t isn’t often you see a youth theatre show presented with full professional production values and I’ve been lucky enough to see two this Christmas (the other was The Wind in the Willows at Rose Theatre, Kingston). This Peter Pan (my third PP this year) is played entirely by CFYT members and there are no professionals in the cast. And, in the hands of director, Dale Rooks who heads Chichester Festival Theatre’s impressive Learning and Participation Department, it’s a magnificent show. The scale is epic because, of course, the playing space is large and enables Rooks to have big groups of dancing mermaids, stamping pirates, (very) lost boys, Red Indians and so on. Every single individual is skilfully grafted into to a slickly accomplished ensemble.
At the heart of the show is outstanding work by Sephora Parish as Wendy on press night – she alternates at other performances with Amy Norman. Sephora is a very naturalistic actor who finds exactly the right blend of feisty feminism, maternal instinct, burgeoning adult feelings towards Peter and childish need for her own mother in her very complex role. Darcy Collins (alternating with Megan O’Hanlon) creates a fine, angry, ever-present Tinker Bell who communicates very effectively in squeaks and gestures. Her epaulettes light up and her trainers flash. Sami Green’s Peter (his alter ego is Freddie Hill) is suitably rueful, sparky, sad, loyal and brave but ultimately a loner.
This production, rather refreshingly, goes back to JM Barrie’s script and uses many unfamiliar words and lines. It makes the dialogue sound slightly stilted in places but the benefits outweigh that because the characters – especially amongst the lost boys are unusually well developed.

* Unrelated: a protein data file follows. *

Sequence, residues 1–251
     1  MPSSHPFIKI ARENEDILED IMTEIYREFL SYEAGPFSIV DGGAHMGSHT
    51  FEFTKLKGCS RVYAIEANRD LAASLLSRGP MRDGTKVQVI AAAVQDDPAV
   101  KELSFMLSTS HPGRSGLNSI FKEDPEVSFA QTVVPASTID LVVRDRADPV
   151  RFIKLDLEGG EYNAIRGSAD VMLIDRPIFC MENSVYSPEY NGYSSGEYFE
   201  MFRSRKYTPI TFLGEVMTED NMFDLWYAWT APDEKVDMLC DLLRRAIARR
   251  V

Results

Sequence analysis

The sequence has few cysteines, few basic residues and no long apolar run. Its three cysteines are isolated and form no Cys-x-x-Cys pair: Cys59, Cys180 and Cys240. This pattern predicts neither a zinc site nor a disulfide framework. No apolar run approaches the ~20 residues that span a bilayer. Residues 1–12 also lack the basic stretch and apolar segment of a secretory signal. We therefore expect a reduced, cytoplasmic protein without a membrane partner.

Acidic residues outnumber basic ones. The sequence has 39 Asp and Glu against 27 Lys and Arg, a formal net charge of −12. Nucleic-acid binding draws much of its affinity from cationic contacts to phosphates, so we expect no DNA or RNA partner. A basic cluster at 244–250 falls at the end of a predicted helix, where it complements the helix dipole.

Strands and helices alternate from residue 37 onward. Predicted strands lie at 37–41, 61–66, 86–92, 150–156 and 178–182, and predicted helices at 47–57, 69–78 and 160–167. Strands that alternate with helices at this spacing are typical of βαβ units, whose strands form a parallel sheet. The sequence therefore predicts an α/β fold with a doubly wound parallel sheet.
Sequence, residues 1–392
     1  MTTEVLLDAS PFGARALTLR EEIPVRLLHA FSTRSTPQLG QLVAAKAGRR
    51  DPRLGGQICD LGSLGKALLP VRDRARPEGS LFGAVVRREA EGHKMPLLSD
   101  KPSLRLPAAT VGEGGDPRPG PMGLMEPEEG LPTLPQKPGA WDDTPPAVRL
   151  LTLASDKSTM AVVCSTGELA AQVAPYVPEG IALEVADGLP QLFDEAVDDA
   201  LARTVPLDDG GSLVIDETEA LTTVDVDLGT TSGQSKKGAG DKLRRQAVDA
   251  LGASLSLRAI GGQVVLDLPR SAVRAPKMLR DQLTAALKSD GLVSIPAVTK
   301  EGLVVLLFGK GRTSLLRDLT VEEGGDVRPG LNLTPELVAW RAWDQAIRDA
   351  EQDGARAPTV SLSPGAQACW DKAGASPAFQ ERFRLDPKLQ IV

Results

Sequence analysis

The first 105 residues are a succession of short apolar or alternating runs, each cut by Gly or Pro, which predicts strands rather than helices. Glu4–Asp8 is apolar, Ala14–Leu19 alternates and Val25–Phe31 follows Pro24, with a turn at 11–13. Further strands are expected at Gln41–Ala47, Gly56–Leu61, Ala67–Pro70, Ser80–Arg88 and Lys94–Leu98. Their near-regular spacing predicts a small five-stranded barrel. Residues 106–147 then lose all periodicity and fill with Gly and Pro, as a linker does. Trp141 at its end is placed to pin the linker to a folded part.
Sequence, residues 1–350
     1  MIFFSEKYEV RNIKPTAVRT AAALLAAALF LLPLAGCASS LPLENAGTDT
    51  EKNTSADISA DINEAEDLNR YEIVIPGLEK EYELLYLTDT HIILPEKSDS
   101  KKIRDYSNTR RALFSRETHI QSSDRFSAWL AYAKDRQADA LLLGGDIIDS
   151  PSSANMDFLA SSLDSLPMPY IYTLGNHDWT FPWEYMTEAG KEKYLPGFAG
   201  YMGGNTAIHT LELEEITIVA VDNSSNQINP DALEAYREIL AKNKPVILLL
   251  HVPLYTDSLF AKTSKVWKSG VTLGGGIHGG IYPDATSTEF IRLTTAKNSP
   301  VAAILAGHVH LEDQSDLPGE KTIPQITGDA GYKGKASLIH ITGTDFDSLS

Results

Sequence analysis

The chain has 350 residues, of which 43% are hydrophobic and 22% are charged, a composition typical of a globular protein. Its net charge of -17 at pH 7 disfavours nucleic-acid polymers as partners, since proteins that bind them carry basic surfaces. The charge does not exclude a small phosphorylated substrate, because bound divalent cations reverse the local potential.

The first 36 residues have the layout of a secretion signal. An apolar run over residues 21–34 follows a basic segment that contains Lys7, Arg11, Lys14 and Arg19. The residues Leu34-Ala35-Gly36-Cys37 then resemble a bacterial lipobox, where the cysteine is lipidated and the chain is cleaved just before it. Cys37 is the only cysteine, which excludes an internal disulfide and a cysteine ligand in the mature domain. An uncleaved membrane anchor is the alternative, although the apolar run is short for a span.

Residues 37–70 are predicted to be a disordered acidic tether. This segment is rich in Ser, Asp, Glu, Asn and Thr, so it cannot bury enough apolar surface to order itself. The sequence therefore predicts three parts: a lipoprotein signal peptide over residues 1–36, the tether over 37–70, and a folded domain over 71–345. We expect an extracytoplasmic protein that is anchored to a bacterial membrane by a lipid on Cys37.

Another very successful decision is to create the Neverland set (designed by Simon Higlet) based on a scaled up iron-railed bed. It reminds us that we are never actually very far from the nursery the piece begins and ends in because, in a sense, the whole construct is a children’s dream fantasy.
A six-piece live band, led by Musical Director, Colin Billing provides atmospheric background music, composed by Eamonn O’Dwyer. This isn’t musical theatre but music is an important strand in managing the mood. It also allows song where it’s appropriate, such as the pirates’ robust, stamping shanty.
Costumes (by Ryan Dawson Laight) are inspired too. We are, more or less in modern, or at least timeless, dress. The motley lost boys in yellows and browns have a look of Lord of the Flies about them with their little rucksacks and individual personalised items such the odd tie round a head. The pirates look genuinely menacing and brigand-like and Hook (Hal Darling on press night, alternating with Alexander Hughes) is, praise be, not styled as Charles II, Instead he has Fagin-esque straggly hair and a floor-length coat. And the mermaids dancing with jelly fish umbrellas are an immaculately choreographed delight.
Flying is bound to be a problem in a youth theatre production but the puppetry solution works beautifully. It’s all part of the captivating make-believe game and rarely has the suspension of disbelief been so easy.
It is quite unusual for a venue to turn its main house over to its youth theatre rather than producing an income generating populist professional show such as a pantomime. Bravo Chichester Festival Theatre. It’s an enlightened policy, more than justified by the quality and verve of the work.
The Fairies. Photo: Manuel Harlan